Given the claims at issue in Myriad itself, cDNA presents the primary test case with an ascertainable outcome available for consideration of the necessity of each element. In Myriad, the Court defines cDNA as DNA containing “…the same protein-coding information found in a segment of natural DNA…” Slip Op. at 1. However, in addressing the patent eligibility of cDNA the Court does not consider this informational content enough to void its eligibility and instead holds that: “cDNA retains the naturally occurring exons of DNA, but it is distinct from the DNA from which it was derived. As a result, cDNA is not a ‘product of nature’ and is patent eligible under §101…” Slip Op. at 17. Thus, the Court defined cDNA as meeting only one element (informational content) but still considered it patent eligible due to sequence-based differences with naturally occurring DNA (structural identity).
The Court also discussed another factual situation in Myriad that falls outside the scope of the holding: “Nor do we consider the patentability of DNA in which the order of the naturally occurring nucleotides has been altered. Scientific alteration of the genetic code presents a different inquiry, and we express no opinion about the application of §101 to such endeavors.” Slip Op. at 18. Situations involving nucleotide substitutions that create a nucleotide sequence distinct from its naturally occurring parent sequence, but that still encode an identical protein, present one of the more challenging inquiries in this regard. However, if each element were applied as it was to cDNA it is likely that such substituted nucleotide sequences would be considered patent eligible since they are structurally distinct from the naturally-occurring sequence even though they both encode the same protein. Given the Court’s holding that simple removal of non-coding introns from a naturally occurring sequence is enough to confer patent eligibility for cDNA, this seems likely to be the correct outcome following Myriad. Instead, obviousness likely presents the more relevant legal consideration for such situations.
Therapeutic proteins present a situation similar to that presented by cDNA. While cDNA is structurally distinct from naturally-occurring DNA (cDNA lacks intron sequences), it is unlikely that many isolated therapeutic proteins bear significant structural differences to their naturally occurring counterparts. Even if minor physical differences could be ascertained in an isolated therapeutic protein, it is unlikely that a court would consider such differences to be “enough” given the holding of Myriad and the fact that minor differences that exist between isolated and genomic DNA were well documented for the Court. Association of Molecular Pathology v. United States Patent and Trademark Office, 689 F. 3d 1303, 1328 (CA Fed. 2012). However, therapeutic proteins are different from cDNA in that they do not inherently contain information in the same way that DNA does, i.e., the amino acid sequence of a protein does not passively convey any downstream information in and of itself. Their sequence is not a “code” for anything in the way that DNA codes for mRNA or that mRNA codes for a protein. Instead their sequence of amino acids represents building blocks that combine to form a whole with a function distinct from passive information conveyance. Thus, applying each element to an isolated therapeutic protein suggests that patent eligibility should still exist for such compounds under §101, i.e., isolated therapeutic proteins are similar to cDNA in that they only meet one element (structural identity) but could reasonably be considered patent eligible since their sequence does not inherently convey information in the unique way that DNA does (informational content).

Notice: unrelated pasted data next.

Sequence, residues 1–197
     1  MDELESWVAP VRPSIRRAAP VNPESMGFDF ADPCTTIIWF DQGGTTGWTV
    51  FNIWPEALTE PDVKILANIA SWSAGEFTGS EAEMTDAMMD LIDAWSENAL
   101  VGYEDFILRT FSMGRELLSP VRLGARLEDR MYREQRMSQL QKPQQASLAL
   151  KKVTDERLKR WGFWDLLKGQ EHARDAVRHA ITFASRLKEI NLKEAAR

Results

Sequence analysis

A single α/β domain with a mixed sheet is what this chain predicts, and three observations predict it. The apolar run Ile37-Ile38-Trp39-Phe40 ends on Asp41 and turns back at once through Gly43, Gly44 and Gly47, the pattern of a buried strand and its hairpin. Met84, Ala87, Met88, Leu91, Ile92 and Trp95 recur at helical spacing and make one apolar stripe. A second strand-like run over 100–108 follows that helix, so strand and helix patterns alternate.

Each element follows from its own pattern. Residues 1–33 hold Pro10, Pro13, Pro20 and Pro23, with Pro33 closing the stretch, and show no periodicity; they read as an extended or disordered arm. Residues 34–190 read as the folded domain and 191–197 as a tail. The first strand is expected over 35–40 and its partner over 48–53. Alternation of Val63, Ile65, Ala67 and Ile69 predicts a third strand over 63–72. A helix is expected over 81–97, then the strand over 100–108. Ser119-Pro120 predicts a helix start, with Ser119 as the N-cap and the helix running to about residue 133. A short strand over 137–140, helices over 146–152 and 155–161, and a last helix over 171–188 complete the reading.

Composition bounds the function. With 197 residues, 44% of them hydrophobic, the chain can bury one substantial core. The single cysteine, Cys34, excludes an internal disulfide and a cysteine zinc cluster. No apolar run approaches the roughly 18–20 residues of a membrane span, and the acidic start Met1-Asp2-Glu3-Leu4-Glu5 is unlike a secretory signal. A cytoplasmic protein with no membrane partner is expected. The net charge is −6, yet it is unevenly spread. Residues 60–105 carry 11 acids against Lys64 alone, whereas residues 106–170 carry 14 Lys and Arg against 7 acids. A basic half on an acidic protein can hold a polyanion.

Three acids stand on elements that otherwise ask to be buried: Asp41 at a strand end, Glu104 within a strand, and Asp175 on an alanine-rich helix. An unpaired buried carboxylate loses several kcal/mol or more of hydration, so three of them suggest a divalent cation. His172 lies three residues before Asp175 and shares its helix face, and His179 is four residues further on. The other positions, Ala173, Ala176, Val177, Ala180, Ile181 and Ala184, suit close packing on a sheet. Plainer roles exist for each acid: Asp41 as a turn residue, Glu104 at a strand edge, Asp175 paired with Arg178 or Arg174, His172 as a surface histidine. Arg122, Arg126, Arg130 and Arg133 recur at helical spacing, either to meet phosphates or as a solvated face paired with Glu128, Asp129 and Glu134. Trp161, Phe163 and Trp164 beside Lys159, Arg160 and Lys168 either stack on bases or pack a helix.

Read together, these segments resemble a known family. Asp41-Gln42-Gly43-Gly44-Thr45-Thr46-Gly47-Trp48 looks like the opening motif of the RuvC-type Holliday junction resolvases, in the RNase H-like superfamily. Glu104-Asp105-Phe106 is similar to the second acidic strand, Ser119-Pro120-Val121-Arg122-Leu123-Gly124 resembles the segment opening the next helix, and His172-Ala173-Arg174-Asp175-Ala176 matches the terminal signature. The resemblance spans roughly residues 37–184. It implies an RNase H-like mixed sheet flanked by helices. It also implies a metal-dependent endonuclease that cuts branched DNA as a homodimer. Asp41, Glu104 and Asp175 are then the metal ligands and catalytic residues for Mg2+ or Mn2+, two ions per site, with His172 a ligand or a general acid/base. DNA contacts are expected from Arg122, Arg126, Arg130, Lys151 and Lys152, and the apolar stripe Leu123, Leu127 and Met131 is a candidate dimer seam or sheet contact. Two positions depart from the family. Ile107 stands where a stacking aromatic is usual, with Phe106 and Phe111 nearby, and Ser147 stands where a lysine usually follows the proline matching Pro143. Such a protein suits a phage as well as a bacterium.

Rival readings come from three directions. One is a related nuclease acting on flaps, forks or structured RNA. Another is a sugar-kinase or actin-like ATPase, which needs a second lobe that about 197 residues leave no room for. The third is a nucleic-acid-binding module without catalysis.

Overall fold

This analysis and outcome is further supported by policy considerations that likely influenced the Court and caused it to highlight the informational content of DNA so heavily throughout the Myriad opinion. Myriad’s claims to naturally-occurring DNA were enforced in a way that prevented individuals from freely accessing their own genetic information without paying a toll to Myriad first; however claims to isolated, naturally-occurring proteins do not present such a concern. The basic utility of an isolated therapeutic protein is different from that of isolated DNA because therapeutic proteins are primarily useful for performing functions such as binding to other proteins whereas, in the diagnostic arena, DNA is solely useful for its informational content. In other words, public policy and the utility considerations of §101 may have influenced the Court’s holding regarding patentable subject matter more than was explicitly stated in the Myriad opinion. This fundamental difference in utility between DNA and therapeutic proteins underlies the second element used to find patent ineligibility for DNA: The informational content of a DNA sequence, i.e., the inherent, passive code provided by an ordered sequence of A, G, C, and T.
At present it is unclear whether the courts will expand or restrict the reach of Myriad beyond DNA. However, patent practitioners can work toward restricting Myriad’s ultimate reach by providing more than a conclusory statement that Myriad should be limited solely to DNA. Advocating for consideration of each element (structural identity and informational content) in the context of isolated products such as therapeutic proteins can provide a cogent argument that can be combined with others to increase the likelihood of limiting Myriad’s reach to DNA alone.